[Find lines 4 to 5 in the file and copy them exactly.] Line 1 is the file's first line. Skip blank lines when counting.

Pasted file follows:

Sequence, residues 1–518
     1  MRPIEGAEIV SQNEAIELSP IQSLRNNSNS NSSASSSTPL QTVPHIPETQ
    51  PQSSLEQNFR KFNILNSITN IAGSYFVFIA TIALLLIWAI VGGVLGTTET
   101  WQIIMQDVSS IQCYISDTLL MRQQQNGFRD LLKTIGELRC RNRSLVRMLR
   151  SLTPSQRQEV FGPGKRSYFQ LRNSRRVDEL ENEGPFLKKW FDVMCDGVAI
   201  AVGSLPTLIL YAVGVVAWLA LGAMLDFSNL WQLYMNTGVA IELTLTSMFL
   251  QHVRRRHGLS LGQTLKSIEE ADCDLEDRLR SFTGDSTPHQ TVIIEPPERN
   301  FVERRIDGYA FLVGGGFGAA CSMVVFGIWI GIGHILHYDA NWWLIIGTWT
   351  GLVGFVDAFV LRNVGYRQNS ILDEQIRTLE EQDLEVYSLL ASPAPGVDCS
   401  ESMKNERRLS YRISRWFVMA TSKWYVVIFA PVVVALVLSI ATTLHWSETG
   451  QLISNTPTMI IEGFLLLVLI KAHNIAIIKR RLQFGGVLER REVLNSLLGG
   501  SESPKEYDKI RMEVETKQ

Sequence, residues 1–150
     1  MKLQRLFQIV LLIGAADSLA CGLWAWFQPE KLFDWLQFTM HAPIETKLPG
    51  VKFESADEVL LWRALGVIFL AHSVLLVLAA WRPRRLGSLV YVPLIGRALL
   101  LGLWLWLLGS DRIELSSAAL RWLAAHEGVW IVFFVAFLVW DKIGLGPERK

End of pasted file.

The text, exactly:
   101  WQIIMQDVSS IQCYISDTLL MRQQQNGFRD LLKTIGELRC RNRSLVRMLR
   151  SLTPSQRQEV FGPGKRSYFQ LRNSRRVDEL ENEGPFLKKW FDVMCDGVAI